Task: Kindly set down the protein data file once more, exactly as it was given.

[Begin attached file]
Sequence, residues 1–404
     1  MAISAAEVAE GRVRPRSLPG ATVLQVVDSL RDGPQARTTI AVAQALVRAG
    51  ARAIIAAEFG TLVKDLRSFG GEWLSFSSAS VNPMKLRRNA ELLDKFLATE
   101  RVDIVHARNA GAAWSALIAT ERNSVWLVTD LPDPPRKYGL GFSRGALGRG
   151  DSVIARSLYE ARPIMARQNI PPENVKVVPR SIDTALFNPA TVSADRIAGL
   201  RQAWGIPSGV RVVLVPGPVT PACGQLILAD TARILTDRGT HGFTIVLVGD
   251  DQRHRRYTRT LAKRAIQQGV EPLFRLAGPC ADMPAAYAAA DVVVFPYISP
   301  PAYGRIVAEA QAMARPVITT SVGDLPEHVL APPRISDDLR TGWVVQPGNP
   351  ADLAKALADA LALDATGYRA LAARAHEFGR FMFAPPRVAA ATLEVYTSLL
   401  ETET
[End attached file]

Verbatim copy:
Sequence, residues 1–404
     1  MAISAAEVAE GRVRPRSLPG ATVLQVVDSL RDGPQARTTI AVAQALVRAG
    51  ARAIIAAEFG TLVKDLRSFG GEWLSFSSAS VNPMKLRRNA ELLDKFLATE
   101  RVDIVHARNA GAAWSALIAT ERNSVWLVTD LPDPPRKYGL GFSRGALGRG
   151  DSVIARSLYE ARPIMARQNI PPENVKVVPR SIDTALFNPA TVSADRIAGL
   201  RQAWGIPSGV RVVLVPGPVT PACGQLILAD TARILTDRGT HGFTIVLVGD
   251  DQRHRRYTRT LAKRAIQQGV EPLFRLAGPC ADMPAAYAAA DVVVFPYISP
   301  PAYGRIVAEA QAMARPVITT SVGDLPEHVL APPRISDDLR TGWVVQPGNP
   351  ADLAKALADA LALDATGYRA LAARAHEFGR FMFAPPRVAA ATLEVYTSLL
   401  ETET